DIY Punk Fashion: Spider Web Cut Shirt

Updated on July 15, 2016

I'm on a quest to create a wardrobe full of one-of-a-kind, DIY clothing. As you guys can probably tell from my other articles, I'm all about cutting up and studding my clothes. Now all I need is to be a rock star!

I saw a photo of a spider-web cut shirt on Pinterest, and knew I'd have to replicate it at some point. As with all of my replications, I threw in my own twist. So without further ado, a step-by-step tutorial on how to create this awesome web shirt.

Materials

So you can do this the easy way or the hard way. The easy way is to just use your shirt and scissors. The back of my shirt had a logo on it though, and I wasn't digging that look. I decided to go the hard way and cut the back of the shirt off and replace it with sheer fabric, but it looks just fine either way!

T-shirt

Scissors

Sheer Fabric

Studs

Sorry, Star Trek. I have bigger and better plans.
Sorry, Star Trek. I have bigger and better plans.

Step 1: Cut Sleeves

So first off you want to cut your sleeves off. Just lay the shirt flat on the ground and cut just inside of the sleeve's seam.

Step 2: Outline

Once you've cut your sleeves, turn your shirt inside out and use a marker to outline the web. I used a silver sharpie on my black shirt.

Pick a spot for the center of the web to be, and draw a small circle. Then, draw a vertical line and a horizontal line that go straight through it. Add in a few diagonals, like a little compass rose.

Step 3: Cutting the Web

Next, you'll want to start cutting. Pick a section to start with, and begin at the middle - just outside of the circle you drew. You'll want your cuts to start and finish about half a centimeter away from the lines you drew.

I spaced each cut out by about a centimeter, and I only cut on the front half of the shirt.

Once you've finished a section, stretch it out so that the strips of fabric start to roll up. Move on to the next section, and work your way around the shirt. It's a very long process, but it looks awesome in the end!

Step 4: Touching Up the Edges

Once I was done cutting the web pattern, I decided to cut about two centimeters off of the neckline, to make it more open. Then, I took my scissors and cut all the way around the bottom of the shirt, taking off the bottom hem.

I cut the bottom so that the lowest part of the web was the bottom of the shirt. It became sort of angled, and draped down on one side. I cut the bottom on the back of the shirt at a diagonal as well.

Step 5: Adding a Sheer Back

Certainly, you could stop right after step 4. However, my shirt had a logo on the back that I didn't like, so I got ambitious.

I cut the entire back off of the shirt, making sure to leave the strips of fabric that completed the neck hole and arm holes. Then, I cut out a section of sheer fabric in the same shape as the web section.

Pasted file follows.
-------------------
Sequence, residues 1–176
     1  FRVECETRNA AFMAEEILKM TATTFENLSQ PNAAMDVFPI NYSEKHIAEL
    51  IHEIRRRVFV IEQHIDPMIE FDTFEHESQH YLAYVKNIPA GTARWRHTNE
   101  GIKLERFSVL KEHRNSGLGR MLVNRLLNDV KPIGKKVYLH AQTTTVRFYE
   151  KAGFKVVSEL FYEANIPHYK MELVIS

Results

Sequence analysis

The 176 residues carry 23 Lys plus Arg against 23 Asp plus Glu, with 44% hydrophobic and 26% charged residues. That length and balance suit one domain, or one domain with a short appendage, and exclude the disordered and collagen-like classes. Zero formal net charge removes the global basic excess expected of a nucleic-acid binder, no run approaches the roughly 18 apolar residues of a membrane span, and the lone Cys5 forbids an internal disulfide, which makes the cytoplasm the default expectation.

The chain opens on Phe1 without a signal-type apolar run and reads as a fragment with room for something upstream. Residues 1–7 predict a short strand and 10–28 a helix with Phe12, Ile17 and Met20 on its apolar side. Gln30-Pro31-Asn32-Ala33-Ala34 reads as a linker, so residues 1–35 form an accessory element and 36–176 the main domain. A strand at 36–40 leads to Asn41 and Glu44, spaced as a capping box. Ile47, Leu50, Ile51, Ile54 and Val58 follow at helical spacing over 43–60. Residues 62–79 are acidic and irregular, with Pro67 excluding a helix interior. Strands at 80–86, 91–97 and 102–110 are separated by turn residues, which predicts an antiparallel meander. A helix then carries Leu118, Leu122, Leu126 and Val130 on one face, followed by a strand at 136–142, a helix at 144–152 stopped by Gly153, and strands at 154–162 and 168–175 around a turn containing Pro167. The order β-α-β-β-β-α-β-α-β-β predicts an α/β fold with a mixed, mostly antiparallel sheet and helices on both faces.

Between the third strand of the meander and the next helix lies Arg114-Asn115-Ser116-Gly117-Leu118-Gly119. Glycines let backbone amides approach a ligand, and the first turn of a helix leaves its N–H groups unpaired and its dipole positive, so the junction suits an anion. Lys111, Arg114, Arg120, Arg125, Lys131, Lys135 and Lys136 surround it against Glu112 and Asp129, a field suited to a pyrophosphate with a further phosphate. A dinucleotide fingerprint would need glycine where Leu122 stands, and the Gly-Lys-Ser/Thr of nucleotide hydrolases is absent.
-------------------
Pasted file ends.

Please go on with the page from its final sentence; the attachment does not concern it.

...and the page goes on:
I didn't particularly want to sew, mostly because my sewing machine is in another room and it's cold in there - and I hate being cold. Instead, I got innovative and grabbed some black pyramid studs.

I lined up the sheer fabric underneath the back of the neck hole from the front (web) side of the shirt, and pushed several studs in to secure the two fabrics together. I spaced the studs about an inch apart. I repeated this down the sides of the shirt as well. In the end, there were studs lining the back of the neck, the shoulders, the back of the arm holes, and down the sides of the shirt. The best part? The two sides are now fastened, with no sewing involved.

To finish it up, you can hem the bottom of the sheer fabric - or, just paint along the bottom edge with clear nailpolish. This will keep the ends from fraying.

Are you going to try making a web shirt?

See results

More DIY Fashion

I hope this tutorial was simple enough and that everything was explained to your liking! I urge you to keep checking back for more DIYs, as I have many more rockstar pieces to create. As for now, try out some of my other fashion DIYs!

How to Stud Clothing
10 DIY Ways to Make a Cut Shirt
T-Shirt to Tank Top
Spray Paint Your Own T-Shirts
How to Take In a T-Shirt

Questions & Answers

    Comments

      0 of 8192 characters used
      Post Comment

      • a beautiful mess profile imageAUTHOR

        Alex Rose 

        2 years ago from Virginia

        Should work out just fine on the back!

      • profile image

        Creatively insane student 

        2 years ago

        Hi, I'm just wondering, would the spiderweb pattern work for both sides of the tshirt?? I have a vest top that's too big for me that I want to try this on but with it being too big, I'm thinking of doing the back too, any advice??

      • a beautiful mess profile imageAUTHOR

        Alex Rose 

        4 years ago from Virginia

        Thank you very much!

      • iphone5amazon1 profile image

        iphone5amazon1 

        4 years ago